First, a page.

Those who revealed un-redacted cables have never been prosecuted nor requested to remove them from the internet, writes Dean Yates.
By Dean Yates
in Tasmania, Australia
I wrote a piece for Australian online publisher Crikey just before Julian Assange’s extradition hearings resumed in September 2020 in which I regurgitated a slur that has done enormous harm to his reputation.
Australian journalists should stop using the WikiLeaks treasure trove in their stories if they wouldn’t speak up for Assange, I’d written. Journalists like to think they’d go to jail to protect a source. Well, their source was suffering in London’s high-security Belmarsh prison, I said.
The problem was I also wrote that Assange dumped the Iraq and Afghan war logs on the internet without redacting names. I was wrong and lazy in repeating that slur which appeared whenever you Googled Assange’s name. That must make it true, right? Two of Assange’s well-known Australian supporters tried to correct me. To my shame, I brushed them off.
Their overtures nagging at the back of my mind, I recently did what I should have done at the time: read the submissions Assange’s legal team made at his extradition hearings and transcripts of witness testimony. I soon realized how mistaken I was.
Why should anyone listen to me?
I was bureau chief for the Reuters news service in Baghdad when an Apache gunship with the call-sign Crazy Horse 1-8 killed 12 people including two of my staff, photographer Namir Noor Eldeen and driver Saeed Chmagh, on July 12, 2007. Namir and Saeed would have been forgotten statistics of that illegal war if not for Assange’s publication of footage he famously called Collateral Murder on April 2010. Thanks to Assange and Chelsea Manning, Namir and Saeed’s names will never be forgotten.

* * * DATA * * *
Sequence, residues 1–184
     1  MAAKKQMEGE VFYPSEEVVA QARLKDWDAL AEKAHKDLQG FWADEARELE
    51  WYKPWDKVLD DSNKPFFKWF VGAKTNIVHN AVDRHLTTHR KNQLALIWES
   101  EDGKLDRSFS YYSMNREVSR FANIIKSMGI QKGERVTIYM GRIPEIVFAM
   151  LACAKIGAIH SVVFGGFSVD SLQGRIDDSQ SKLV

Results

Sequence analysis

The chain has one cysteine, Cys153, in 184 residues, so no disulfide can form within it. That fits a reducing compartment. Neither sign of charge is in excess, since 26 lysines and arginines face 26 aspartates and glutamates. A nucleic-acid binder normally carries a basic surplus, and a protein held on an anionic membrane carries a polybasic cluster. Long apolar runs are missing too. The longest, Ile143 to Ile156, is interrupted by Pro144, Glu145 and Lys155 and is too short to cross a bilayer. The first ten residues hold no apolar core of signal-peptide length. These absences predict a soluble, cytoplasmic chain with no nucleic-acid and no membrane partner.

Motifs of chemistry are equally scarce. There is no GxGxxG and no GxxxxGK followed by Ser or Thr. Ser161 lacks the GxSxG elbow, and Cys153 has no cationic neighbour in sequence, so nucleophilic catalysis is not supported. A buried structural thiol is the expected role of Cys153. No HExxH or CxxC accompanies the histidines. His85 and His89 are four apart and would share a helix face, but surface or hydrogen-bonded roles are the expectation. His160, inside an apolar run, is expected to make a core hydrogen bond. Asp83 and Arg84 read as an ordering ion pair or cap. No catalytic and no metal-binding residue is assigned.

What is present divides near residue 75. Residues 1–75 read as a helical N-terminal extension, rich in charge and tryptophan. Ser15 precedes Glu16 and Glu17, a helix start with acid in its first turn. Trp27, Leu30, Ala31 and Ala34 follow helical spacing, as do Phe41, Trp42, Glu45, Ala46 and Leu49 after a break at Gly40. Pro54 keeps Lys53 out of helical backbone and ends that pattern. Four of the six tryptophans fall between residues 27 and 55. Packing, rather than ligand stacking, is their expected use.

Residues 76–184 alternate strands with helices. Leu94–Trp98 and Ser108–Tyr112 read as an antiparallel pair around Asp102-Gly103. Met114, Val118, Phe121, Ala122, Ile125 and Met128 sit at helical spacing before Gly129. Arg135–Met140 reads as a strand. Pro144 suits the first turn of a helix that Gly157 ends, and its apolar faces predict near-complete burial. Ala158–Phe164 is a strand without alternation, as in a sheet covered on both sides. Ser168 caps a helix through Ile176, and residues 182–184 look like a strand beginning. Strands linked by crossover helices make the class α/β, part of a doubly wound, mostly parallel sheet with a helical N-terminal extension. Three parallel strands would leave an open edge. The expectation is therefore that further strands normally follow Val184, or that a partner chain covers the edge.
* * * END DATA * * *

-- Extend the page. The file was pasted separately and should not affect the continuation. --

Wikileaks had hundreds of thousands of documents it had gotten from Manning – the war logs and State Department cables — for a considerable period in 2010 and went to “extraordinary lengths to publish them in a responsible and redacted manner,” the submissions to a lower U.K. court said. WikiLeaks held back information while it formed media partnerships with news organizations such as The Guardian, The New York Times and DER SPIEGEL to manage the release of the material. Assange’s legal team cited named witnesses, various journalists who worked with Assange on the process. Those witnesses testified to the rigor of the redaction effort.
The media partners’ work on the Afghan war logs included approaching the White House before releasing them. In July 2010, Wikileaks also entered dialogue with the White House about redacting names. On July 25, 2010, WikiLeaks held back publication of 15,000 documents on Afghanistan to safeguard its “harm minimization process” even after its media partners published stories.
Redaction of the Iraq War diaries was likewise “painstakingly approached” and involved the development of special redaction software. Publication was delayed in August 2010 despite this annoying some media partners because Assange didn’t want to rush.
Un-redacted publication of the State Department cables in September 2011 was undertaken by parties unconnected to WikiLeaks, and despite WikiLeaks’ efforts to prevent it, the legal submissions state. Those who revealed un-redacted cables have never been prosecuted nor requested to remove them from the internet.